Best Interest

Hester Peirce: What’s in a Name? Regulation Best Interest v. Fiduciary

Commissioner Peirce:

“In comparing the proposed Regulation Best Interest standard as well as a broker-dealer’s other requirements under the securities laws to an adviser’s fiduciary duty as described in the proposed interpretive release, only two differences stand out.  First, an adviser generally has an ongoing duty to monitor over the course of its relationship with its client, while a broker-dealer generally does not.  Second, a broker-dealer must either mitigate or eliminate any material financial conflict of interest it may have with its client.  An adviser is required only to disclose such a conflict.  Rhetoric aside, arguably proposed Regulation Best Interest would subject broker-dealers to an even more stringent standard than the fiduciary standard outlined in the Commission’s proposed interpretation.

The Commission acknowledged concerns that the imposition of a new higher standard of conduct on broker-dealers could result in retail customers losing access to advice they receive through recommendations from broker-dealers, and customers that do not have the option of moving to fee-based accounts would in effect be unable to obtain investment assistance. At a minimum, their costs of obtaining such assistance might rise markedly.  Although we tried to be cognizant of these access concerns, given the relative balance of the two standards, I fear that more and more broker-dealers will decide to become advisers that offer only fee-based accounts resulting in many Americans being shut out from receiving any investment advice.”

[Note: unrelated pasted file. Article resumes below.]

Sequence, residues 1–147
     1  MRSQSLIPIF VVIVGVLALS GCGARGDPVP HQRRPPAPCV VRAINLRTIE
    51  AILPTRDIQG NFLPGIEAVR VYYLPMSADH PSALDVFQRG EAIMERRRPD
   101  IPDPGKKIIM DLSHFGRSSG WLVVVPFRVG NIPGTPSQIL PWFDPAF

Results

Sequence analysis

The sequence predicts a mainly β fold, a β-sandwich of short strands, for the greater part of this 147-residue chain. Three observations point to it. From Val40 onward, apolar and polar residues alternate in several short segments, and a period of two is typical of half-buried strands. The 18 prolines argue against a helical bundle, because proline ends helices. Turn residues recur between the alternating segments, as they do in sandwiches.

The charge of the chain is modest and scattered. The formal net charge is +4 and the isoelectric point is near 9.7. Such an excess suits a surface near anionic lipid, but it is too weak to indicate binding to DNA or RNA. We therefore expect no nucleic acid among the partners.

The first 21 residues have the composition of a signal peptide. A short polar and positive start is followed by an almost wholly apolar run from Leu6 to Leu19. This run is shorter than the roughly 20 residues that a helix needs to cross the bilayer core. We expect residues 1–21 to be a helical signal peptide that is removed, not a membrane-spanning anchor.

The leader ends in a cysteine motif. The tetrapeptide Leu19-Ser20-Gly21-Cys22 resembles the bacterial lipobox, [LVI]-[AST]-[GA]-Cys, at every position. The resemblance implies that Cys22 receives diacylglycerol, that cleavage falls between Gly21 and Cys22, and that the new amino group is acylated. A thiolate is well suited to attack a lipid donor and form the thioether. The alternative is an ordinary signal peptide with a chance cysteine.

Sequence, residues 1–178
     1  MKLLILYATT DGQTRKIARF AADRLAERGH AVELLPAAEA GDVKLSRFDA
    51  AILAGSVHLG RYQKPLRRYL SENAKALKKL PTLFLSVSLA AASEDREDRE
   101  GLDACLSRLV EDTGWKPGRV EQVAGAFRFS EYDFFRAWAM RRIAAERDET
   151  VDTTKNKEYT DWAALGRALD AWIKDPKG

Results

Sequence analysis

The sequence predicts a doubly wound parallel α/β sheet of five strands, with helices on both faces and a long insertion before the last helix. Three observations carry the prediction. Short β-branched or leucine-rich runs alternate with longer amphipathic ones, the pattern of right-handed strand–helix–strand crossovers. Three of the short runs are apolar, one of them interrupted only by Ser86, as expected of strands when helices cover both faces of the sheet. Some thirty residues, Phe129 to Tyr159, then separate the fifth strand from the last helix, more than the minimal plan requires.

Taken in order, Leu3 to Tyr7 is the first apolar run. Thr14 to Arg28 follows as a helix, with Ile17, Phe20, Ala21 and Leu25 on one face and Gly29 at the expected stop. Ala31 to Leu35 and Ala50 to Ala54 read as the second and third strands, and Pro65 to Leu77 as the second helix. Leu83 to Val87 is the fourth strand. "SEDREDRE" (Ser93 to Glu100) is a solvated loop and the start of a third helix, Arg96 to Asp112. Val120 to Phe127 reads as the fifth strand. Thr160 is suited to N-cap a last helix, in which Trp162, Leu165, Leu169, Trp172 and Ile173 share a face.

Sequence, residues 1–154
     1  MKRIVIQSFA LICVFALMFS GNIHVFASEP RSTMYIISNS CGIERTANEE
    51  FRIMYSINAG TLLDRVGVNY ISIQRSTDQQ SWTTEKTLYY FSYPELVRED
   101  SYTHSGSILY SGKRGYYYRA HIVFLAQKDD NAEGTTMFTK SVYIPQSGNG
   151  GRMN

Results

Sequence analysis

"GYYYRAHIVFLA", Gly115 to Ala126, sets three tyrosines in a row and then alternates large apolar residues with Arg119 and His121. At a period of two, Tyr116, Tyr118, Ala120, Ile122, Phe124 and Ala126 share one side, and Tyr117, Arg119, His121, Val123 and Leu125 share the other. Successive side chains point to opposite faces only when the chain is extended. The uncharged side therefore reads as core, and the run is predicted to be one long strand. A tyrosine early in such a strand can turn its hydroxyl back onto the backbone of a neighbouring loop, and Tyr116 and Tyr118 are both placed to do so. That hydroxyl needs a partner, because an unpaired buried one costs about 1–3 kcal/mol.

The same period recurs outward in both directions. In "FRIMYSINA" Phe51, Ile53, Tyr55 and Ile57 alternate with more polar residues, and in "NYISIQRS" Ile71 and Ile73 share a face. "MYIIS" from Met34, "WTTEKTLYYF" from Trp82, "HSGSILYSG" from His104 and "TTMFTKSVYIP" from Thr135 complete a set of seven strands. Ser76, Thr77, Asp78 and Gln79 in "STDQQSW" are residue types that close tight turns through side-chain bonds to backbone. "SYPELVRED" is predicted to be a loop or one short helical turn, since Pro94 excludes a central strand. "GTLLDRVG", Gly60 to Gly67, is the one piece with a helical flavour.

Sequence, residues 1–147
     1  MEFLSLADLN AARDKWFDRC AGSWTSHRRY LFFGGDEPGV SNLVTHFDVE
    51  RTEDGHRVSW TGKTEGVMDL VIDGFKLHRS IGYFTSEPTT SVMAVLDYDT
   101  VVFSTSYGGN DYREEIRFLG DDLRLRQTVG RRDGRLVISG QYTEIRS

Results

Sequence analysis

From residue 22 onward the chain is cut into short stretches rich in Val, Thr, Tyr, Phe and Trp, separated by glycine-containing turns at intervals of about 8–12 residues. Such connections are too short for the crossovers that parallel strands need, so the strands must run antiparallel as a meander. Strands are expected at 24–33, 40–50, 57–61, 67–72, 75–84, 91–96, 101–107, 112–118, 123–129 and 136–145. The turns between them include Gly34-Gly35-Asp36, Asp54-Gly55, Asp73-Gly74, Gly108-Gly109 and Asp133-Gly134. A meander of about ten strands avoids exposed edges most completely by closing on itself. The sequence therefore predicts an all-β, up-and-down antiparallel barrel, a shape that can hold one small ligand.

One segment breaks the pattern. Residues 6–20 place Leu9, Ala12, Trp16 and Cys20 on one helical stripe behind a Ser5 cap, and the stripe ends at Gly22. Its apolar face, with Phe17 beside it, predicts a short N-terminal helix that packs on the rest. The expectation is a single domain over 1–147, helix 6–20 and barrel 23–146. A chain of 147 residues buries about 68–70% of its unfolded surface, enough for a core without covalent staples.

Her full speech can be found here.

New York issues final regulation placing “best interest standard” on the sale of life insurance products and annuities

As we previously noted, 2018 promises to be an eventful year at the state level for the regulation of the sale of life insurance and annuity products.  Today, New York issued its much anticipated final regulation that imposes a “best interest” standard.  The regulation requires insurers to, among other things, put in place policies and procedures to ensure that agents and brokers put the interests of consumers ahead of their own when making a recommendation regarding a life insurance product or annuity.  The New York rule comes out before the National Association of Insurance Commissioners (NAIC) holds its August 4, 2018 meeting to address revisions to its existing annuity suitability rule, which could impact the laws of numerous states.  Unlike New York’s new regulation, NAIC’s existing suitability regulation and proposed “best interest” regulation to be addressed at the August 4, 2018 meeting apply only to the sale of annuity products.  Stay tuned for our forthcoming analysis of the New York regulation, its implications for the life insurance/annuity industry, and its potential impact on the discussions at the upcoming NAIC meeting.